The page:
We stand on the summit of a hill in sweltering heat.
“This is our Ellis island,” says Nicolas flourishing his hand across the landscape.
“It’s where migrants first came to Luxembourg and, indeed, still come.”
But instead of Atlantic waves lapping beneath our feet railway tracks, bordered by disused steelworks, sweep towards France.
And, across the valley, instead of the Statue of Liberty there is a water tower, now a gallery, showing photos of the American Depression. Below us is “Little Italy’ built by migrants recruited by scouts from Piedmont and further south to work in the steelworks at the end of the 19th century. The Italians built the houses spontaneously in the style they knew best. Steep narrow steps connect the two streets that weave around the hill. Some have balconies.
The houses are now painted in bright colours but, until the 1970s, when the steelworks bowed down to foreign competition, they were coated in red, white and black smog. Life for the steelworkers was not always grim. ‘Little Italy’ once housed 4-5000 workers, had a lively café scene, sports clubs, a grocery that still exists and of course a pasta factory. The men came before their families – sharing beds with other shift workers and gathering in large groups to be fed by the few women in the village.
On the way down the hill we stop to admire a steel sculpture donated by an Italian organization in celebration of a special centenary. In 1906 Dudelange, thanks to the number of Italian migrants, achieved city status. A steel figure, the factory boss perhaps, stands under a gateway welcoming a bedraggled line of tired, laden migrants.
“Some think it paints too positive a picture, “ says Nicholas. “The artwork doesn’t portray the exploitation that went on.”
But Italians, he explains, have come a long way since then. The President of Luxembourg’s parliament has roots in Dudelange. The city’s mayor has an Italian name. In fact 50 % of the country’s residents are non-Luxembourgers, the highest percentage in Europe and not including the children of migrants who were born in Luxembourg.
“So do Luxembourgers welcome migrants?” I ask.
“Well yes, from the start,” he replies.
But there is another side to the story. In a recent referendum 80% of the Luxembourgers voted that non-Luxembourgers, who had lived in the country for more than 10 years, should not have the vote.
“It contributes to a deficiency in democracy,” says Nicolas.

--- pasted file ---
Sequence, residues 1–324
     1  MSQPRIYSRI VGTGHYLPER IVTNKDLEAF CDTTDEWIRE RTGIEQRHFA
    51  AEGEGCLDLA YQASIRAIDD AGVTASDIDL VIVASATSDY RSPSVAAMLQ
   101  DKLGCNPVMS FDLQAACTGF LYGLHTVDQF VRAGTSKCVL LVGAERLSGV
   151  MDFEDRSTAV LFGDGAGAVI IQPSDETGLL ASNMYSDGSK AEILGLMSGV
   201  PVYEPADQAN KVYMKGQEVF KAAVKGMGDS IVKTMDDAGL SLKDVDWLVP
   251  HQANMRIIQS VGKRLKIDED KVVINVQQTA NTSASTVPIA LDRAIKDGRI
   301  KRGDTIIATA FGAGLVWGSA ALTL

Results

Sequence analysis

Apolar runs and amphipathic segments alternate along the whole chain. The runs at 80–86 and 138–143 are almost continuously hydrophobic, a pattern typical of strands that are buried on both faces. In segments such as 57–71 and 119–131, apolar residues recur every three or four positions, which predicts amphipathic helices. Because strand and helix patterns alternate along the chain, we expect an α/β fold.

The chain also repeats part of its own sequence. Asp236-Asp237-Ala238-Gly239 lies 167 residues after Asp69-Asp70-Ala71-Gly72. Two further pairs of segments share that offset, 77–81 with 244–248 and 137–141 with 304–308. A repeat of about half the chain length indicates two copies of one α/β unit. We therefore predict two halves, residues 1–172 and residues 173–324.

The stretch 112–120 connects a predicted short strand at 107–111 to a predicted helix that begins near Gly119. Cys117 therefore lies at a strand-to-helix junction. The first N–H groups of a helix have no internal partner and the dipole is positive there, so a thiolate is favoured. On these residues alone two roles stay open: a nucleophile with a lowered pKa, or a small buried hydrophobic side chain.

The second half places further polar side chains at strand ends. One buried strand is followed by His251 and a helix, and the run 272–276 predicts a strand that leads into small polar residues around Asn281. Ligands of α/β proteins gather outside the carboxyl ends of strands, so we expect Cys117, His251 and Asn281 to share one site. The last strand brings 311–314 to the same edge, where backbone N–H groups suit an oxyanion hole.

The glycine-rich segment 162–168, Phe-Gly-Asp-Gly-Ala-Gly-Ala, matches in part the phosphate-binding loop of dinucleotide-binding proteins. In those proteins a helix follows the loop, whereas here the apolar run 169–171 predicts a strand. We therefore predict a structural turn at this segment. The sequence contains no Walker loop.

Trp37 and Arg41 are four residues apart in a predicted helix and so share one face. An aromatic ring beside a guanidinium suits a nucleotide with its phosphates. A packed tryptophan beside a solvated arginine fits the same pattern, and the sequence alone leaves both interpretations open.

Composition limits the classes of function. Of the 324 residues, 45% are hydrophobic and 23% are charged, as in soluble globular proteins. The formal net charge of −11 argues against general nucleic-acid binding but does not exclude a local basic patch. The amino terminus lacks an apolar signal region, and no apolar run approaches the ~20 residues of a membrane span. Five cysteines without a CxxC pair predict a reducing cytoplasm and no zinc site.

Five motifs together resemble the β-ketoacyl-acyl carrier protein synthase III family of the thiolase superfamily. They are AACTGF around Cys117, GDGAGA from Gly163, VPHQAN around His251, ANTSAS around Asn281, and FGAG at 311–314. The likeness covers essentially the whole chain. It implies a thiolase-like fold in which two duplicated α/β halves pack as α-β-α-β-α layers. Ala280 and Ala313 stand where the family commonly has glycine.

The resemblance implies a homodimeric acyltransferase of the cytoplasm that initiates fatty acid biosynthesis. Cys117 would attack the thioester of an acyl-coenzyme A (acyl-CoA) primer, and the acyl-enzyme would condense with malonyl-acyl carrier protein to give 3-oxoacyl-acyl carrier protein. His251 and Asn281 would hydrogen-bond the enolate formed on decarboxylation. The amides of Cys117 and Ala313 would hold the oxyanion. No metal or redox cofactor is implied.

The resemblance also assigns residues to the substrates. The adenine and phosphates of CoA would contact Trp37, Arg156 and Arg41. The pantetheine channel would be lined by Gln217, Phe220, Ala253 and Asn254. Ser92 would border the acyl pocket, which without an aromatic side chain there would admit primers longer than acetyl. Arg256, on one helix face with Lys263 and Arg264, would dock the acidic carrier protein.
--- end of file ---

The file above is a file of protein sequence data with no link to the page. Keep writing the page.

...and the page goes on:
The non-Luxembourgers include those who work in the banks and European Union offices as well as migrants from across Europe particularly southern Europe. A third of migrants are from Portugal. And there are more recent migrants from war-torn areas such as Syria.
We clamber down to the railway station, Dudelange Usines, now the Centre de Documentation sur les Migrations Humaines. This delightful yellow stone building houses 10,000 books, journals, registers, photographs, family and other documents all beautifully archived including on line. It is a treasure trove for anyone interested in exploring their ancestors or for serious students of migration and globalisation. The Centre is open by arrangement and from Thursday to Sunday 3 – 6pm during exhibitions.
Nicolas, the sole member of staff, shows me round the present exhibition on Women and Migration. He introduces me to Umberto Cappelari, a studio photographer at the beginning of the 20th century who began to document life in Dudelange. It is thanks to him that we gain an insight into the early life of the Italian migrants. A stiff looking girl in her first communion dress holds a bible and rosary in one hand, a tall candle in the other; a woman moves trucks of steel during World War 1 and young women stand beside their market stall in front of Consumo Italiano.
Later work by other photographers show Portuguese migrants, the steel works emitting clouds of smoke, men playing cards and children playing in the doorways of smog-coated terrace houses.
The Centre’s own archives are supplemented by other exhibitions of women and migration – a display of excellent photographs by local children of their mothers at work and of children with special care needs as volunteers.
The Centre may not yet have a permanent display, nor be open long hours, but it has a lively programme of events. There are Sunday afternoon talks and a recent international conference on Migration and Gender attracted 150 people from across Europe. Past exhibitions included photographs of a Tunisian artist who has integrated migrants’ belongings found on the beach into his work. The next photographic exhibition is of refugees from Mali living in Mauretania in applying conditions.
“And the local community? Do they come? “ I ask.
“When we have a new temporary exhibition, yes they come. And people with migrant backgrounds sit on our committee,” he adds.
As Nicolas sees me out he says.
“ We are all migrants. My parents came to Dudelange from the north of Luxembourg.”
I stand on the station waiting for the train to take me back to Luxembourg city. My only regret is that it is too late to visit The Bitter Years in the water tower, Dudelange’s Statue of Liberty. Edward Steichen who curated the exhibition was not only a famous photographer and Director of Photography at MOMA in New York but an emigrant from Luxembourg. I must come back. Meanwhile it is time to see some more of Luxembourg.